Despite the odds and the new normal we now have on hand, teachers must still be celebrated, according to the Chief Executive Officer/ Registrar of the Teachers Registration Council of Nigeria, TRCN, Prof. Josiah Ajiboye. He has said teachers in the country and indeed the world over should be celebrated for their resilience and coping with new developments in the education sector brought about by the outbreak of Coronavirus disease.

He added that with this year’s theme being “Leading in crisis: Reimagining the future,” the importance of teachers being the pathfinders in such a situation like the current pandemic should be emphasised.

“COVID-19 has impacted on all sectors. It led to billions of pupils and students staying at home for months across the globe. Also, millions of teachers were affected too. As we speak, not all students and teachers have gone back to school.  

“In the midst of all this, out teachers have been resilient and are bracing up to the task ahead. For teachers to be able to cope better with the new normal, they must be ingenuous and be up and doing,” he noted.

On some of the challenges facing the teaching profession, Ajiboye noted that poor salary was top of the list. He  also canvassed according teachers due recognition and not seeing them as those at the lower rung of the ladder.

Celebrating the day modestly

Due to the Coronavirus pandemic, this year’s celebration was low key. In Lagos, the leadership of the Nigeria Union of Teachers, NUT, converged on the NUT Pavilion in Agidingbi, Ikeja, where they marked their day in a modest way. 

Last year, the event held at the Sports Complex of the University of Lagos, UNILAG, in Akoka, where various branches of the union were present.  

Celebrating the day in Lagos, the state government promised to send teachers who excelled during a recent training organised for them on digital skills for further training in Microsoft office in the United States of America.

The Commissioner for Education, Mrs Folashade Adefisayo,  who disclosed this, but who did not give the number of teachers that would benefit from the training, said the beneficiaries would go as soon as the Coronavirus pandemic is over.

“We are now in a new normal as far as education is concerned. Teachers   must move to the new level and embrace digital skills. The pandemic has shown us that school is more than the buildings.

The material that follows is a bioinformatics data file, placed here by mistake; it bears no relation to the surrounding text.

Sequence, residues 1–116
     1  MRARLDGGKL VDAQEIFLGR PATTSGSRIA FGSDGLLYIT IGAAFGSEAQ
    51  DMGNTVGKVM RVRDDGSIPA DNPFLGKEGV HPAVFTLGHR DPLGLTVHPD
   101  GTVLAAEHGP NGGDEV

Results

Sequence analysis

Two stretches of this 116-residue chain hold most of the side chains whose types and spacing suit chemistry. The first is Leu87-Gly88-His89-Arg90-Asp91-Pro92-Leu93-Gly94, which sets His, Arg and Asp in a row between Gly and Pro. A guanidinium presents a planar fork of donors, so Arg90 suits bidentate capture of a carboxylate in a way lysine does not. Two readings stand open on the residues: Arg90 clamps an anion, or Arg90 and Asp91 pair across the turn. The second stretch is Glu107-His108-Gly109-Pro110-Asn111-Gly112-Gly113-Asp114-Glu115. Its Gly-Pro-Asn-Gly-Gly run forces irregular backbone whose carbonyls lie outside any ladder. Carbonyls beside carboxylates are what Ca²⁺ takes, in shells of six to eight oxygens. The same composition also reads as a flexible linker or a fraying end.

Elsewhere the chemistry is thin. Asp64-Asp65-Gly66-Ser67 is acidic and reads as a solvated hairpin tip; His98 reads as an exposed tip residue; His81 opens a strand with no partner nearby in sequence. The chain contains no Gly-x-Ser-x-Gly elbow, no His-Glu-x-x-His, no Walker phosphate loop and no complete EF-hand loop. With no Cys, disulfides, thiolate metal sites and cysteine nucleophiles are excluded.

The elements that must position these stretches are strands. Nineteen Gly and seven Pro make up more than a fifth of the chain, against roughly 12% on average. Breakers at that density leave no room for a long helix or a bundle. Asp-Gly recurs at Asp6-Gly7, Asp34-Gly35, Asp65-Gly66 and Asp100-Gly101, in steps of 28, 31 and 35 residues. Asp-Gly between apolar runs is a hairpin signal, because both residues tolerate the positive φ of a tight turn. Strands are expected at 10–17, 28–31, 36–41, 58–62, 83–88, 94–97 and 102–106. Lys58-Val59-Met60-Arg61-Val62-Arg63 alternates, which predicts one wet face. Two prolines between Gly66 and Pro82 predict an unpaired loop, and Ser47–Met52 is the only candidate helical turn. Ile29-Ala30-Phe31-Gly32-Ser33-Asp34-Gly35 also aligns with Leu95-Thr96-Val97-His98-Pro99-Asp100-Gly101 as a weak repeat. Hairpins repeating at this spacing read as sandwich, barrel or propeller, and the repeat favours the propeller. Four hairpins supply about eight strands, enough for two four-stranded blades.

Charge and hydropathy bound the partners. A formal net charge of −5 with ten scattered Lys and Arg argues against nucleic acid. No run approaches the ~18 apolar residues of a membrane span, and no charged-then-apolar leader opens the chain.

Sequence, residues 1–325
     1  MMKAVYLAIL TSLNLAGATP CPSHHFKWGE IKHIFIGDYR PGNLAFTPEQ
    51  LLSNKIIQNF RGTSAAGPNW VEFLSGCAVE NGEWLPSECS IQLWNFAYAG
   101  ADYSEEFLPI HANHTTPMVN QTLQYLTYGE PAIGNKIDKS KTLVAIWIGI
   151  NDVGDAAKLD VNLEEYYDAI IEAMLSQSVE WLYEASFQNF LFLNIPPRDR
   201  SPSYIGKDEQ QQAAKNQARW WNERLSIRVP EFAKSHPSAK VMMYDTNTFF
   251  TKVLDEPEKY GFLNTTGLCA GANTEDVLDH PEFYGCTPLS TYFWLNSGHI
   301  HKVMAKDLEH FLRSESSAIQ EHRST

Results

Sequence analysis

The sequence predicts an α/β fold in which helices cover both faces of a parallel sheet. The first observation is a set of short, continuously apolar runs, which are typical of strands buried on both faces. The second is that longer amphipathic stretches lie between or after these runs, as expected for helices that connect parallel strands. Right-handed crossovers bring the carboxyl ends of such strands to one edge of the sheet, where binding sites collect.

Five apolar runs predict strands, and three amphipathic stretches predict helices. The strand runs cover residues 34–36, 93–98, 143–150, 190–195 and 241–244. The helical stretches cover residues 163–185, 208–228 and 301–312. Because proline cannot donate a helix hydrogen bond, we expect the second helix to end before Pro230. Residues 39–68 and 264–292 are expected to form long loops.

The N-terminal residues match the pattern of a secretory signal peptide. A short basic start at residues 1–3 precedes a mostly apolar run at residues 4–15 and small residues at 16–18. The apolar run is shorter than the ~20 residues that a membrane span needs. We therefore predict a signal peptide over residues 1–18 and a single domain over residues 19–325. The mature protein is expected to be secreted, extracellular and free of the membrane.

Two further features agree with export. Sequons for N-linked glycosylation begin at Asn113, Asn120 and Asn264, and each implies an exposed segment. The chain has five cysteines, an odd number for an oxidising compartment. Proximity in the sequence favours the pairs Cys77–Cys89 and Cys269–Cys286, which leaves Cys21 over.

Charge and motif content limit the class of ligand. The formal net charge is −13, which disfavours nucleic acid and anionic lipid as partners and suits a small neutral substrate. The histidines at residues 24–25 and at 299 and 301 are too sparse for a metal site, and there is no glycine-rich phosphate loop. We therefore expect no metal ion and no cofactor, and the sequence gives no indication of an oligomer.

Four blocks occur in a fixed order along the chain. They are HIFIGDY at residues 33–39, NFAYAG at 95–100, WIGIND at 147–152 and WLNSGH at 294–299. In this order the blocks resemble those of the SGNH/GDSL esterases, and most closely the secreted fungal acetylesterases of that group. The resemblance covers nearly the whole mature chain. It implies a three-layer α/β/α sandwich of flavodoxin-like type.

The Lagos State Government has been proactive and we have been raising the digital levels and skills of our teachers.

“The pandemic has also taught us some lessons. It has made people to be open minded and to take risks. 

Though our road was rough, we were able to find a solution to the problem,” she said.

Speaking on the occasion, the Lagos State Chairman of the NUT, Otunba Adesina Adedoyin, while thanking the state government for promoting teachers,and   paying them regularly, noted that a lot still has to be done. 

He  urged the government to also allow deserving primary school teachers to rise to the position Headmaster General/ Permanent Secretary so as to enhance their career progression.

He also listed overcrowded classrooms, shortage of teachers and the non-payment of retired teachers among the challenges facing the teaching profession in the state.

“We also want special allowances paid to teachers in riverine and rural areas so as to stem rural-urban migration. We also want our primary school teachers to benefit from the Lagos State Health Insurance Scheme.  

“We also appeal for more buses to be deployed in our education districts, as our members cover long distances to get to work. Such strenuous trips do take toll on their efficiency and effectiveness. Some of the buses are no longer in good condition,” he said.

Delivering the lecture to mark the day, Dr S.O.S Enomhen, opined that salaries, and wages of teachers must be reformed.

He also called for training and retraining of teachers for them to excel and not be left behind by changes in the profession.  

The theme for the celebration was “Leading in crisis, re-imagining the future.”    

However, unlike previous years, private school owners, under the aegis of the National Association of Proprietors of Private Schools   NAPPS, and their teachers were conspicuously absent. The reason is not far fetched, they were hard hit by tbe Coronavirus pandemic, and are just trying to stay afloat.